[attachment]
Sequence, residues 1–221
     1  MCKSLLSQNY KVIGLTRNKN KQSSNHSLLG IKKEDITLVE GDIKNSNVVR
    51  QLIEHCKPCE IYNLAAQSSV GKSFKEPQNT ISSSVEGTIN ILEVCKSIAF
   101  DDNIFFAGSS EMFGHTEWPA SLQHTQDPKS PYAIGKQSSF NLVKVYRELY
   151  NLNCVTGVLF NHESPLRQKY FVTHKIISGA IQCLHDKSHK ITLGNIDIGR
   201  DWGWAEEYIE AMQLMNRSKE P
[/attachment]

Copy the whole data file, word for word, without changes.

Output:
Sequence, residues 1–221
     1  MCKSLLSQNY KVIGLTRNKN KQSSNHSLLG IKKEDITLVE GDIKNSNVVR
    51  QLIEHCKPCE IYNLAAQSSV GKSFKEPQNT ISSSVEGTIN ILEVCKSIAF
   101  DDNIFFAGSS EMFGHTEWPA SLQHTQDPKS PYAIGKQSSF NLVKVYRELY
   151  NLNCVTGVLF NHESPLRQKY FVTHKIISGA IQCLHDKSHK ITLGNIDIGR
   201  DWGWAEEYIE AMQLMNRSKE P